Today I have had “fun” troubleshooting an issue that looked easy at first sight. A colleague was trying to PXE boot some server from a network that we haven’t used for a while.
When the server boots up, asks for an IP via DHCP. As we have a centralized DHCP server infrastructure, we have configured DHCP relay in the firewall facing that server to send that request to the DHCP server.
First, let’s take a look at how DHCP relay works. This is a very good link. And this diagram from the mentioned link it is really useful:
One think I learned is the reply (DCHP Offer) doesnt have to use as destination IP the same IP it received as source in DHCP Discover. In the picture, it is packet 2a.
Checking in our environment, we confirm that:
Our server is in 10.94.240.x network. Our firewall is acting as DHCP relay, and send the DHCP Discovery (unicast) to our VIP DHCP Server IP.
The DHCP offer, uses as source the physical IP of the DHCP server and destination is the DHCP relay IP (so it is 10.94.240.1 – the firewall IP in 10.94.240.x network)
Ok, so everything looks fine? No really. The server receives the query, it answers… but we dont see a DCHP Request/ACK.
BTW, keep in mind that DHCP is UDP….
So, we need to see where the packets are lost.
This is a high level path flow between the client and server:
So we need to check this connection is three different firewall vendors….
The initial troubleshooting was just using the GUI tools from Palo/Fortigate. We couldn see anything…. but the server was constantly receiving DHCP Discover and sending DHCP Offer… I dont get it:
# tcpdump -i X udp port 67 or 66 -nn
14:58:06.969462 IP 10.81.25.1.67 > 10.81.251.47.67: BOOTP/DHCP, Request from 6c:2b:59:c1:32:73, length 300
14:58:06.969564 IP 10.81.251.201.67 > 10.94.240.1.67: BOOTP/DHCP, Reply, length 300
14:58:28.329048 IP 10.81.25.1.67 > 10.81.251.47.67: BOOTP/DHCP, Request from 6c:2b:59:c1:32:73, length 300
14:58:28.329157 IP 10.81.251.201.67 > 10.94.240.1.67: BOOTP/DHCP, Reply, length 300
Initially it took me a while to see the request/reply because I was assuming the dhcp request had source 10.94.240.1. So I was seeing only the Reply but not the Request. That was when I went to clarify my head about DHCP Relay and found the link.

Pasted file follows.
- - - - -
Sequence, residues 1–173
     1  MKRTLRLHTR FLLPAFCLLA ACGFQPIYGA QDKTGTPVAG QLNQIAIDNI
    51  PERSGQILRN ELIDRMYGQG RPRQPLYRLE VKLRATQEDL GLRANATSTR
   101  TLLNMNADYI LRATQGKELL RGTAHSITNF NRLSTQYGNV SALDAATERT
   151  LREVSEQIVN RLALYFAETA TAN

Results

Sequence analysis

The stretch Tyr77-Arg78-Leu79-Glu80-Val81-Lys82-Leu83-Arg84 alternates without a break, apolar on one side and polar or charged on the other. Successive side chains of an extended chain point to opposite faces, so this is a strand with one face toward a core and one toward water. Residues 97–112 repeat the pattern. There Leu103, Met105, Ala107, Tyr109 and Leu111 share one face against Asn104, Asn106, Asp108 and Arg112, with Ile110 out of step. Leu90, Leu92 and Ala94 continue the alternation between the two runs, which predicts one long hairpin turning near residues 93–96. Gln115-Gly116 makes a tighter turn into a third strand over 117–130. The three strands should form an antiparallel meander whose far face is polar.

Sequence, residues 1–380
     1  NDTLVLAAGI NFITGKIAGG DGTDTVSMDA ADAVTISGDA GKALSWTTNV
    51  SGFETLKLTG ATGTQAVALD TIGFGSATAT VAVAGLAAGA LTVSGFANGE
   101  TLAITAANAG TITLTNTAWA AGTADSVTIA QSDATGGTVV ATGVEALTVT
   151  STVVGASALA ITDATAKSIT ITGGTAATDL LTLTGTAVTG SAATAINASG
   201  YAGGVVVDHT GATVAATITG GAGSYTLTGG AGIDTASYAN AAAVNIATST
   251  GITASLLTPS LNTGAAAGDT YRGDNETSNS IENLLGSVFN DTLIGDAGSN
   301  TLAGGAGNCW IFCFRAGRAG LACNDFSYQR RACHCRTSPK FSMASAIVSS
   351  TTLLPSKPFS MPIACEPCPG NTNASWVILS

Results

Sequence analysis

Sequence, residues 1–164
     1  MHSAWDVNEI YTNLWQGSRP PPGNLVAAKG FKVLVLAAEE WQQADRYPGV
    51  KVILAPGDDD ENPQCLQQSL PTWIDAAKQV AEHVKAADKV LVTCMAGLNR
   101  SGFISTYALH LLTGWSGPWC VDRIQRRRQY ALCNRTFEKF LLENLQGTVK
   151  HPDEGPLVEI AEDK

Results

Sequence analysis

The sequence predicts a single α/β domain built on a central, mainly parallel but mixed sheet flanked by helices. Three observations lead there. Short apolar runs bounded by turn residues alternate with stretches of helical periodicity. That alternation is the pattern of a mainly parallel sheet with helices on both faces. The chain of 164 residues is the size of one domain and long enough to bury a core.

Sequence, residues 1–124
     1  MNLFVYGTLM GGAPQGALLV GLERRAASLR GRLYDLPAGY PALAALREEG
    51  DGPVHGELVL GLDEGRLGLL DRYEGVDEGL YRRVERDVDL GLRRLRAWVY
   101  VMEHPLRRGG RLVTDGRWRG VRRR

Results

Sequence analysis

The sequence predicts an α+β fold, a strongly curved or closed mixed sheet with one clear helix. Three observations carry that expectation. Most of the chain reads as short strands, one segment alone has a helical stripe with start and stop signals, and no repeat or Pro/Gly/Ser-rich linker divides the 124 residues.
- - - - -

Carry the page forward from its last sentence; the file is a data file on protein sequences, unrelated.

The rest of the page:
So ok, we have the DHCP Request/Reply, but absolutely nothing in the Palo. Is the palo dropping the packets or is forwarding? No idea. The GUI says nothing, I took a packet capture and couldnt see that traffic neither…
Doesnt makes sense.
Let’s get back to basic.
Did I mention DHCP is UDP? So how a next generation firewall (like paloalto) with all the fancy features enable (we have nearly all of them enable…) treats a UDP connection? UDP is stateless… but the firewall is statefull… the firewall creates a flow with the first packet so it can track, any new packet is considered part of that flow. But why we dont see the flows? We actually have only one flow. The firewall has created that session and offloaded to hardware. So you dont see anything else in the control-plane / GUI. The GUI only shows the end of a connection/flow. And as our flow DHCP Relay hasnt’ terminated (it is UDP) and the firewall keeps receiving packets, it is considered life (the firewall doesnt really know what is going on). So for that reason we dont see the connection in the PaloUI. Ok, I got to that point after a while…. I need to proof that the packet from the server is reaching the firewall and it is leaving it too.
How can I do that? Well, I need to delete that flow so the firewall considers a new connection and the tcpdump can see the packets.
This is the a good link from paloalto to take captures. So I found my connection and the cleared it:
palo(active)> show session all filter destination 10.94.240.1
ID Application State Type Flag Src[Sport]/Zone/Proto (translated IP[Port])
Vsys Dst[Dport]/Zone (translated IP[Port])
135493 dhcp ACTIVE FLOW 10.81.251.201/ZONE1/17 (10.81.251.201)
vsys1 10.94.240.1/ZONE2 (10.94.240.1)
palo(active)> clear session id 135493
And now, my packet capture in paloalto confirms that it is sending the packet to the next firewall (checking the destination MAC) !!!